The US condemned the forced diversion of a commercial plane to Belarus to arrest an opponent


The US condemned the forced diversion of a commercial plane to Belarus to arrest an opponent and demanded his immediate release.

Dictator Lukashenko landed a Ryanair flight from Greece to Lithuania in Minsk to arrest journalist Raman Pratasevich, who actively reported last year's protests and repression.

US Secretary of State Antony Blinken "strongly condemned" the government of Belarus for intercepting and landing in Minsk a Ryanair airline flight on which an opposition activist was traveling from Greece to Lithuania.

The United States has strongly condemned the forced diversion of flights between two EU member states and the subsequent deportation and arrest of journalist Raman Pratasevich in Minsk. "We demand his immediate release," Blinken said in a statement.

The Lukashenko government risked the lives of more than 120 passengers, including Americans, as a result of this shocking move.

He noted that preliminary reports indicate that the use of Belarusian military aircraft in interfering with Belarus's security services and escorting the aircraft has been thoroughly considered and requires a full investigation. ۔

Belarusian state television has reported that Roman Protasevich, a 26-year-old opposition blogger living in exile in Poland, was detained in Minsk after being removed from FC 4978's Athens-Vilnius route. , Apparently for security reasons.

After landing in Vilnius several hours later than scheduled, without Protasevich, some passengers described seeing the nervous blogger as the flight diverted to Belarus.

Minsk airport issued a statement earlier saying the plane had to make an emergency landing at 12:15 am after a bomb alert.

The president's press service, Alexander Lukashenko, said on Telegram that he had given the order to divert the flight and for a Mig-29 fighter to accompany the aircraft.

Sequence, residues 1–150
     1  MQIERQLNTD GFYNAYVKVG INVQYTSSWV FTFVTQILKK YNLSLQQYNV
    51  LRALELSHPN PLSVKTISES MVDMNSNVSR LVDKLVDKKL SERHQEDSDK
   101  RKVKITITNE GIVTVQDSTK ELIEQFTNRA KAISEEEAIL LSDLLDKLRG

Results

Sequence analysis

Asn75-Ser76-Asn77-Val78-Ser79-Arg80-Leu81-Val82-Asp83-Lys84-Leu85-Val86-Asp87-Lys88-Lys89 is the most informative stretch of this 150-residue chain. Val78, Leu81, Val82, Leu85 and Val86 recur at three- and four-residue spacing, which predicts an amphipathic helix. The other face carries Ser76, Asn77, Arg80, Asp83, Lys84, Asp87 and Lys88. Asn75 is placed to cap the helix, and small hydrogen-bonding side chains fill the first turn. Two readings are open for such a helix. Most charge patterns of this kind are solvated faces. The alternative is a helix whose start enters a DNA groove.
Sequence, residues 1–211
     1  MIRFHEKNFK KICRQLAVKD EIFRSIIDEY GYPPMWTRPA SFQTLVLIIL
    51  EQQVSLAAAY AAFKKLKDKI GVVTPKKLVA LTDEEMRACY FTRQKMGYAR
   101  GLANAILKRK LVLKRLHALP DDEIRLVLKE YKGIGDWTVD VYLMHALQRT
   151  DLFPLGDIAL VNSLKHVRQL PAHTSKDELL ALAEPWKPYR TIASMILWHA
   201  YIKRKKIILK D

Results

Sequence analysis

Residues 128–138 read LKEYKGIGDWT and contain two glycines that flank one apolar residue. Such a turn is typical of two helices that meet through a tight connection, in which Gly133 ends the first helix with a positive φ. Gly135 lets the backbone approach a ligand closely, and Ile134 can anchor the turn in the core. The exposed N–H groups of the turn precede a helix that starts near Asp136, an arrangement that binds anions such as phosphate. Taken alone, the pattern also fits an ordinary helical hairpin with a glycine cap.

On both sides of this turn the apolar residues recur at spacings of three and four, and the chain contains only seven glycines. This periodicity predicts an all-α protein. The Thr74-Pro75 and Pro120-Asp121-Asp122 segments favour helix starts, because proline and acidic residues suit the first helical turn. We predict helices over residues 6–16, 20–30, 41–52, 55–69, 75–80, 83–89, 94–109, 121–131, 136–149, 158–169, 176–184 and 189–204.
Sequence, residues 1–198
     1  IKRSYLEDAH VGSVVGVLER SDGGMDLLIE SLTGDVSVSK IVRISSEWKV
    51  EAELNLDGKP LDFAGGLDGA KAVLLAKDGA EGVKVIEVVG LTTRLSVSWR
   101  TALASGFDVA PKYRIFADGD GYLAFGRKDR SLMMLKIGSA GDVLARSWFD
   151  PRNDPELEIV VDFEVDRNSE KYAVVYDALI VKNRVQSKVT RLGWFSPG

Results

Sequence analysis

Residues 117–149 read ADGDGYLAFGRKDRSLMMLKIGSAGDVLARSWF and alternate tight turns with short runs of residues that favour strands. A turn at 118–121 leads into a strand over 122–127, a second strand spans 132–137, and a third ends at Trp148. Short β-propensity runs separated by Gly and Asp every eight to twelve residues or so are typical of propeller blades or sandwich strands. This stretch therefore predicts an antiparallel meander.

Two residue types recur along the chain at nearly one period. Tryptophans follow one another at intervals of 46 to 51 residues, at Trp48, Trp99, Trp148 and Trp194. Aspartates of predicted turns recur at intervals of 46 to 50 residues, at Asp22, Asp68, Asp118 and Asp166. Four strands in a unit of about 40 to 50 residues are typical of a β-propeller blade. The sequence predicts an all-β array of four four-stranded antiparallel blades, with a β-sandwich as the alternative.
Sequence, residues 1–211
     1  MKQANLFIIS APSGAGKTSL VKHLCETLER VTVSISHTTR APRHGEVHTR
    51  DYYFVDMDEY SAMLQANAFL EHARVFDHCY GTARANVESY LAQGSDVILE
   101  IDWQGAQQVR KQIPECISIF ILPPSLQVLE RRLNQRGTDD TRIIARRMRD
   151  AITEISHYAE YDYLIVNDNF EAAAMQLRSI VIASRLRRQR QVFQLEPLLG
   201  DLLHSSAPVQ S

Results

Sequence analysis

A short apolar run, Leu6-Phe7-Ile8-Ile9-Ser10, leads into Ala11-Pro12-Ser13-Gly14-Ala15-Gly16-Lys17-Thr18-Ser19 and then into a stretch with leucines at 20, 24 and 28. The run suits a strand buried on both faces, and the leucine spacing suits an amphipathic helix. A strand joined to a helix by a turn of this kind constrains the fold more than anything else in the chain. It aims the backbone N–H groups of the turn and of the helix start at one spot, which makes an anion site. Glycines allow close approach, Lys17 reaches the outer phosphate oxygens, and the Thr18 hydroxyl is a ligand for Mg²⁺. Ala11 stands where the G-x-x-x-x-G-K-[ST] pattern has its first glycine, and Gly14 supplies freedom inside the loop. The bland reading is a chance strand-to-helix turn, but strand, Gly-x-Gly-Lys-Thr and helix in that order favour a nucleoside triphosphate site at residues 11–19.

Blinken added that the United States stands with the people of Belarus in their desire for a free, democratic, and prosperous future and supports the government's call for respect for human rights and fundamental freedoms.

European Union (EU) leaders, who have urged Minsk to allow all passengers to continue their journey, will address the incident and possible sanctions during a summit on Monday.

Several countries of the bloc, such as Germany and Lithuania, denounced the events, which the Polish Prime Minister, Mateusz Morawiecki, described as "state terrorism" and called for "immediate sanctions."

France summoned the Belarusian ambassador to Paris. And the UK, which is no longer part of the EU, also warned Belarusian President Alexander Lukashenko that it risks "serious consequences."

NATO, for its part, called for an "international investigation" into this "serious and dangerous incident," said its secretary-general, Jens Stoltenberg.

Lukashenko faced a historical protest movement in 2020 that brought tens of thousands of people for several weeks in Minsk and other cities in this country of about 9.5 million inhabitants. 

But mass arrests, police crackdowns on violence, killing at least four people, permanent court harassment, and heavy jail terms for activists and journalists.

In November, Belarus's Security Service (KGB), a Soviet-era heiress, added Protaswich, 26, and Stephen Potilo, founder of Nexta, to its "list of those involved in terrorist activities."

The current Editor-in-Chief of Nexta, Tadeusz Giczan, assured that KGK agents are on board. When the plane entered Belarusian airspace, KGB agents began fighting with Ryanair personnel, claiming there was a bomb on board.

A spokeswoman for Lithuanian airports told AFP that she received a conflict between passengers and the crew as the first explanation from Minsk airport. 

Boeing was stopped just before the European Union's border with Lithuania, according to photos from the special website Flightdar24.

Media Nexta, founded in 2015, played a vital role in the recent wave of protests against the re-election in 2020 of Lukashenko, in power since 1994, spreading slogans and sharing photos and videos of the demonstrations and repression.

The Belarusian opponent in exile in Lithuania, Svetlana Tijanóvskaya, immediately condemned Protasevich's arrest and assured that the activist faced the "death penalty."